November 02, 2018
How do you react to opportunities? Do you jump in with both feet? Or do you get ready to jump but fear stops you. For me, I jump right in and then quickly thereafter become full of fear that I'm going to fail.
And I do fail sometimes. Actually, if I'm going to be completely transparent, I “fail” (according to my biggest critic....me) most times.
But here's the part I want to talk about: what is failing, exactly? And what happens to us when we let that the fear of failure keep us from trying?
I’ve been thinking about this a lot lately. In August, I began a journey that forced me to face not only the fear of failing but another one of my biggest fears -- the fear that I am not “smart enough.” This particular fear stems from an old belief that I do not learn like everyone else, that I have trouble retaining information, and that I am a hands-on-learner only.
The journey that kickstarted these familiar anxieties? I’d enrolled in a Whole Food Plant-Based Nutrition Certification course from Cornell University.
And the fear that I would fail settled in shortly after I made the decision to enroll.
I’m writing this not because I have some life-changing formula on how to break the cycle of fear. Sorry! I’m not sure anyone really has that. What I do have to share, however, is the knowledge that you can let that fear in without it holding you back.
When faced with the fear of failure, we really have two choices: to quit (which means we never give ourselves the opportunity to succeed or fail), or to forge ahead (despite that fear of failing nipping at our heels).
This time, I chose the latter. And the fear, as expected, forged ahead with me.
Once I decided I was going through with the course, I had to get things in order. I cleaned my house, did the laundry, and batch-cooked for the week. Then I let my family and friends know I wasn't going to be as available as I normally am. Time to focus. I created a space to buckle down and do the work.
Carving out a space was important because fear creates chaos that can keep me spinning out in all different directions except for the one direction I want to go in. And I really wanted to do well on this course.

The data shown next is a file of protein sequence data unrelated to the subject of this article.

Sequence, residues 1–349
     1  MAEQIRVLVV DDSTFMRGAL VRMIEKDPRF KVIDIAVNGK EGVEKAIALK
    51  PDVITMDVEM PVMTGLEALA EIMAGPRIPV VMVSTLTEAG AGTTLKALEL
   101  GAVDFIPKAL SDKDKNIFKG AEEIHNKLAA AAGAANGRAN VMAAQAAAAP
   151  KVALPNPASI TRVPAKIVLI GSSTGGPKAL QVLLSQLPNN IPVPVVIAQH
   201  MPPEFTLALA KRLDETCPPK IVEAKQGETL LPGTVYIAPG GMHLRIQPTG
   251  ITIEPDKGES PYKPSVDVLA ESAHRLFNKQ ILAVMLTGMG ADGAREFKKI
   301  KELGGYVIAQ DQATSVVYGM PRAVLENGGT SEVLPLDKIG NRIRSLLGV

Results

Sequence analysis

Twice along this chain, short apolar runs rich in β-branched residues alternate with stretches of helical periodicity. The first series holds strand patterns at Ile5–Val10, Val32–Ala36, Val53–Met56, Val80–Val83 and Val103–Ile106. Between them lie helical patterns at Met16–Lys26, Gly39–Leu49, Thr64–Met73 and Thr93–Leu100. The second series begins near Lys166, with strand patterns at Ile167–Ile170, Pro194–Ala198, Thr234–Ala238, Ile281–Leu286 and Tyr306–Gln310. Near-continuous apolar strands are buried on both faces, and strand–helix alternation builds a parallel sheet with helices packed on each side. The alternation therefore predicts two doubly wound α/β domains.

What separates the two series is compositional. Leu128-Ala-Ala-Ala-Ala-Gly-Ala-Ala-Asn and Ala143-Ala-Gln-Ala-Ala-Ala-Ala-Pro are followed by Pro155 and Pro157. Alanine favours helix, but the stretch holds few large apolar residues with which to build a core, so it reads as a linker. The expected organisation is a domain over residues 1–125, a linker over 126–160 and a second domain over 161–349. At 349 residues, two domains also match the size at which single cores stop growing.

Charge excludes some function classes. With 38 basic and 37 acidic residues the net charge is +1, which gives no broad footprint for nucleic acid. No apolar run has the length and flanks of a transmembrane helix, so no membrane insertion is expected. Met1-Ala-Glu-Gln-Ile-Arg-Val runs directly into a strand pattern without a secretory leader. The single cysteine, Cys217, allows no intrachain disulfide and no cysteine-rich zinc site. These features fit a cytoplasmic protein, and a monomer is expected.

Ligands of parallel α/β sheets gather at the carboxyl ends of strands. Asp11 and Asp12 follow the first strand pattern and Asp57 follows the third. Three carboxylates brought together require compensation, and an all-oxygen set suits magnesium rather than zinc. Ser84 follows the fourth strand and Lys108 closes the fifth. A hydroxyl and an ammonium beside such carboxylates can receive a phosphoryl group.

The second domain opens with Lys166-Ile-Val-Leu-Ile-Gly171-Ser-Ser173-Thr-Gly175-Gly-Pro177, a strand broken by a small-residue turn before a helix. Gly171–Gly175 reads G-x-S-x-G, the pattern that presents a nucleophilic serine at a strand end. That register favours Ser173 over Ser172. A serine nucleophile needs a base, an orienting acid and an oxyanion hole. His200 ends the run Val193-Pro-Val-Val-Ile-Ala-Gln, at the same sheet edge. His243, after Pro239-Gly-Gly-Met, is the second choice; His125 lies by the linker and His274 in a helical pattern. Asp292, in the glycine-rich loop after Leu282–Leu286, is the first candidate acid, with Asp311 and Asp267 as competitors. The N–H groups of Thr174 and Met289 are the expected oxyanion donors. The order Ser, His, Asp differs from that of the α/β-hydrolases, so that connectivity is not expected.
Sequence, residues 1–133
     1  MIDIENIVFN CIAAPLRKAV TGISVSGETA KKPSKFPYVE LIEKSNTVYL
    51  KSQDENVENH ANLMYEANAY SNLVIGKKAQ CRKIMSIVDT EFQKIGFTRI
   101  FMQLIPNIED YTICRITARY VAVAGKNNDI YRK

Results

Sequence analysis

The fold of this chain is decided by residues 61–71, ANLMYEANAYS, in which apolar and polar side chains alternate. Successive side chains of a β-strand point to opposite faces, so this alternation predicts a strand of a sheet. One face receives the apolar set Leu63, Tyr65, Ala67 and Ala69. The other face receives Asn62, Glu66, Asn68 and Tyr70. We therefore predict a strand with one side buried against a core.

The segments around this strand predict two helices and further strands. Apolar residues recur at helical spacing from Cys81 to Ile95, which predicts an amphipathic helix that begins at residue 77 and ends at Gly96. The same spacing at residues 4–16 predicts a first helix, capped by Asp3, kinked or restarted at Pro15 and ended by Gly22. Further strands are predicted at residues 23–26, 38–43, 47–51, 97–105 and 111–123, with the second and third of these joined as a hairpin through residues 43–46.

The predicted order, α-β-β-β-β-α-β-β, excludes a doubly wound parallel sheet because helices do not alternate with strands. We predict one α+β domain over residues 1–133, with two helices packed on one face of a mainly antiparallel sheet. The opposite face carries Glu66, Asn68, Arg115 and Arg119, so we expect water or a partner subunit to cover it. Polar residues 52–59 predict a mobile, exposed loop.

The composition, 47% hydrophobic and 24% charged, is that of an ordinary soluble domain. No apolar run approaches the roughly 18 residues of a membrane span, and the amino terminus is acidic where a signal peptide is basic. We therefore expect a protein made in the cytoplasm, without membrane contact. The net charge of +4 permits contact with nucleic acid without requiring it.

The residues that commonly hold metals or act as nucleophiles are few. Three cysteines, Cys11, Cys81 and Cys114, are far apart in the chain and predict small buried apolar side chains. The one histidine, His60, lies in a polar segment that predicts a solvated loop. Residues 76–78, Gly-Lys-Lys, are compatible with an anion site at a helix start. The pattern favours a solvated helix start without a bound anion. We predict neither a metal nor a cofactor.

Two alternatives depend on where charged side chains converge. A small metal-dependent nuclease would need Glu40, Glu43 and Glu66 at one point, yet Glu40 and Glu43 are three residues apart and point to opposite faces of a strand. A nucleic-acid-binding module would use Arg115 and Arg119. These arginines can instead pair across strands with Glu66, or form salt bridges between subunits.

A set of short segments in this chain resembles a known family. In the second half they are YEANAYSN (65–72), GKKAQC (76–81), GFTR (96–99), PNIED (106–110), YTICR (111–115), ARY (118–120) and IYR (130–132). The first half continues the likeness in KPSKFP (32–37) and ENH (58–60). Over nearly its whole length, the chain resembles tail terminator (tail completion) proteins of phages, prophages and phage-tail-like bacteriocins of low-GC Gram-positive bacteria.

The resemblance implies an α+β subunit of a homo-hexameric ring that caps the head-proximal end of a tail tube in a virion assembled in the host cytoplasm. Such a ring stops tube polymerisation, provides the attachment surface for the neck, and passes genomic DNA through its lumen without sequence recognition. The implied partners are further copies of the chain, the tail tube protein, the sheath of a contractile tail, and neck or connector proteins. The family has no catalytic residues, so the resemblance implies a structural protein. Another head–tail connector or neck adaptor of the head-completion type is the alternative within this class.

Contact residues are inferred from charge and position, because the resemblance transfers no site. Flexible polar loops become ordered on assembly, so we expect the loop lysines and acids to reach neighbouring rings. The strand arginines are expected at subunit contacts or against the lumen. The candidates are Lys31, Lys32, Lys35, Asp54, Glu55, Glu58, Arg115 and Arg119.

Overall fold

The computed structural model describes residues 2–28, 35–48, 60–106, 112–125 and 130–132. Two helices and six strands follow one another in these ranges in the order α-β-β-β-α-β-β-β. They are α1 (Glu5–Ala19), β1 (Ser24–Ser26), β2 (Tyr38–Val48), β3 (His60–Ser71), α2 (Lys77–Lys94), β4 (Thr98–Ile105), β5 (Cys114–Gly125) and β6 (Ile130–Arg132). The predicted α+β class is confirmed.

Getting organized didn’t erase my fear. My fear, at times, was almost tangible; it felt like walking through thick fog. But having a system in place did help me stay on track.
The course itself was difficult for me, probably much more so than it needed to be because I was looking at it through a lens of fear. Yes, the content at times was dense (lots of sifting through nutrition science research!), but it was my fear that made it much harder.
When I am grounded and in my power, I know that real failure comes from not giving yourself a chance to strive for something better or more beautiful in your life. And this I believe comes from fear -- fearing the unknown, fearing we are not enough, and yes, fear of failure.
My journey with Cornell was an awakening to my potential to learn. I gave myself permission to feel all the fear and to walk through it, not hide from or ignore it but to sit with the fear and know that I could and would complete the journey. It doesn’t matter that I sometimes had to go over the material numerous times, or that it might have taken me longer than some of the others. What matters is that I completed the course and I now here I am, holding my certificate in Plant-Based Nutrition from Cornell University.
By Shirma Blanchard
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